The rate of premature births, the leading cause of infant mortality in the United States, increased in 2016 for the second year in a row after nearly a decade of decline, according to a study published today by the March of Dimes, an organization dedicated to the health of mothers and babies. .
More than 380,000 babies are born prematurely each year in the United States and face a higher probability of death before the first year of life, disabilities or chronic health problems.
According to the March of Dimes, 8,000 more babies were born prematurely in 2016, due to the increase from 9.6 to 9.8% in the premature birth rate between 2015 and 2016, according to data from the National Center for Health Statistics.
The 2017 Premature Birth Report Card also indicates that mothers and their babies face an increased risk of premature birth according to the race and region of the country.
Stacey D. Stewart, president of the March of Dimes, indicated that this index worsened in 43 states, the District of Columbia and Puerto Rico, and among all racial / ethnic groups.
“This is an inadmissible trend that requires urgent attention,” he said.
In contrast, they remained unchanged in three states (Alabama, Arizona and Washington) and improved in only four states (Nebraska, New Hampshire, Pennsylvania and Wyoming).
Among the 100 cities in the country with the highest number of births, according to 2015 data, Irvine (California) had the lowest rate of premature births (5.8%) and Cleveland (Ohio) had the highest (14.9%).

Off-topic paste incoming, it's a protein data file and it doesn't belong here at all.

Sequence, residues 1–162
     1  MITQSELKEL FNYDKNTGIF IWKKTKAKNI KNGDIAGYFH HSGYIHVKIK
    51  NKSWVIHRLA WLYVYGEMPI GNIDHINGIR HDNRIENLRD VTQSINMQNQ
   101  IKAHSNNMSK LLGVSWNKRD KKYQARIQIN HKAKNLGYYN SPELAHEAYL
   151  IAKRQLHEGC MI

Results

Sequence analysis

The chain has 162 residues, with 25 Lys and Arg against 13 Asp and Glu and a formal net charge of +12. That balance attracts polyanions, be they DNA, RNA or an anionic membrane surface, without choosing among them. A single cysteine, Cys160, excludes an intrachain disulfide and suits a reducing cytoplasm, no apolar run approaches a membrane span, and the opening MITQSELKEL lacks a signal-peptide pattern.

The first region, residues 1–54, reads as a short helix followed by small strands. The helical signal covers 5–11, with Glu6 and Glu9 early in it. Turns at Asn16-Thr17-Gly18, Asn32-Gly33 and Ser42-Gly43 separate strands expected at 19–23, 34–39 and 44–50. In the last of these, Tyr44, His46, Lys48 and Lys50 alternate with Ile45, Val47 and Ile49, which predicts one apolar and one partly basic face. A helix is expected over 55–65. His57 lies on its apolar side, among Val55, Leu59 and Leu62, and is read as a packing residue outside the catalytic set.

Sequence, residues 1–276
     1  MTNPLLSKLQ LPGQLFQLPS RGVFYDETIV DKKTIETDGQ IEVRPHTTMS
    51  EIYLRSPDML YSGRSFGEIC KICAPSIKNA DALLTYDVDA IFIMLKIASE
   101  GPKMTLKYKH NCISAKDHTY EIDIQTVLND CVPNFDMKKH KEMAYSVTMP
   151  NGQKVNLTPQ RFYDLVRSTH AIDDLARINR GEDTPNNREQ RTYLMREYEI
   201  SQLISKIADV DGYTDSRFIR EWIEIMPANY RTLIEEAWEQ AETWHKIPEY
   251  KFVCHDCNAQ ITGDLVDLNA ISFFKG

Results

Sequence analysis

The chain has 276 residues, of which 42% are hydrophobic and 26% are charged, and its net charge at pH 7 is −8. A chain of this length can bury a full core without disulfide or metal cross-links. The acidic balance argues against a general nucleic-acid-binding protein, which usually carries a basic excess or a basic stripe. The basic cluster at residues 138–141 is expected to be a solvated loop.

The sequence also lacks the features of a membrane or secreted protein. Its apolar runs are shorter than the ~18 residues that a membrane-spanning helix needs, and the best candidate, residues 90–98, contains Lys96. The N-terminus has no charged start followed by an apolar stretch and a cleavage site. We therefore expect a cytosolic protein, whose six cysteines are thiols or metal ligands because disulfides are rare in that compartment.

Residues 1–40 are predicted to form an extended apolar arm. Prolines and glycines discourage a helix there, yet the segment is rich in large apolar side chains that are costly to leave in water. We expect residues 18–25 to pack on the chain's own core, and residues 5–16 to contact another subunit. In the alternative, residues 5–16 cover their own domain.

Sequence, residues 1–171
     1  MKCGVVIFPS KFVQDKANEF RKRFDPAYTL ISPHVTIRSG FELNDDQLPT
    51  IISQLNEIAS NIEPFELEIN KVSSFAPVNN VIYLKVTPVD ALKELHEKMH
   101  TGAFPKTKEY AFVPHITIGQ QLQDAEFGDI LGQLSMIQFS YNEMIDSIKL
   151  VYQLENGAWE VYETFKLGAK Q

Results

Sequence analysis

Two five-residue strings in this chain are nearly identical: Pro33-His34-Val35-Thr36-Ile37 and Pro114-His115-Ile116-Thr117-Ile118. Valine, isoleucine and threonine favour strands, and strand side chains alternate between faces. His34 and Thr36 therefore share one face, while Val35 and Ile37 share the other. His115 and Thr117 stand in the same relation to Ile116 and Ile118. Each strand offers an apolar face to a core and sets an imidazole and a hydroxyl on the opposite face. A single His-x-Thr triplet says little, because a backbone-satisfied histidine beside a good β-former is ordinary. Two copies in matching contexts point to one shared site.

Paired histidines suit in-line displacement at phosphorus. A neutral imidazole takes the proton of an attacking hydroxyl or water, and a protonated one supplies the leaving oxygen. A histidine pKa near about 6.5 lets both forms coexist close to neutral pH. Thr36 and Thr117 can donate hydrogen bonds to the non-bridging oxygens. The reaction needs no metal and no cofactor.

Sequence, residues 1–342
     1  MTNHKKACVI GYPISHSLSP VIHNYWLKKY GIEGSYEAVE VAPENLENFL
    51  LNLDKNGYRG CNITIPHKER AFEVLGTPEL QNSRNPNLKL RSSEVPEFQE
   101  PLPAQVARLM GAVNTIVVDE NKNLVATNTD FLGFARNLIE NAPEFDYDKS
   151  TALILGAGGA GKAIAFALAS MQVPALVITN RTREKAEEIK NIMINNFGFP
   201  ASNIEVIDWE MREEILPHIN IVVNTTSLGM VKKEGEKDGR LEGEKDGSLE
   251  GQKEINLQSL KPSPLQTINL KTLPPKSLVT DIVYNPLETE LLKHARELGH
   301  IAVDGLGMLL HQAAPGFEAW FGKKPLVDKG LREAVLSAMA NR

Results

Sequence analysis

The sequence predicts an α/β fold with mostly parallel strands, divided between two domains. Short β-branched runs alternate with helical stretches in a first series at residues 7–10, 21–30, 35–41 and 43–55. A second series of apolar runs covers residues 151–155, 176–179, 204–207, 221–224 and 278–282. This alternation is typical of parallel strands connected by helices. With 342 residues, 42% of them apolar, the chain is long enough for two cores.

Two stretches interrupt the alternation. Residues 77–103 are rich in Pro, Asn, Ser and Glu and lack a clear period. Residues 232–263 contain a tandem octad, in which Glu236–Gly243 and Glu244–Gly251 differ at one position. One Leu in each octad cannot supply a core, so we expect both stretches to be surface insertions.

African-American women are 49% more likely than white women to have preterm birth, a percentage that is reduced to 18% more in the case of women from indigenous peoples and Alaska Natives.
Babies who survive a premature birth (before 37 weeks of pregnancy) often have serious health problems throughout their lives, including respiratory problems, jaundice, loss of vision, cerebral palsy and intellectual disabilities.
According to the National Academy of Medicine, in addition to the loss of life, premature births represent a medical and social cost of more than 26,000 million dollars a year.
To counter this situation, the March of Dimes calls for expanded scientific research to identify the unknown causes of premature births and find new ways to avoid them.
In this regard, he stresses that living and working conditions, such as health care, housing, neighborhood security, food security and wages, have a “profound” influence on births.
The organization calls for increasing educational campaigns aimed at women of childbearing age and health care professionals and promoting policies that prioritize the health of mothers and babies.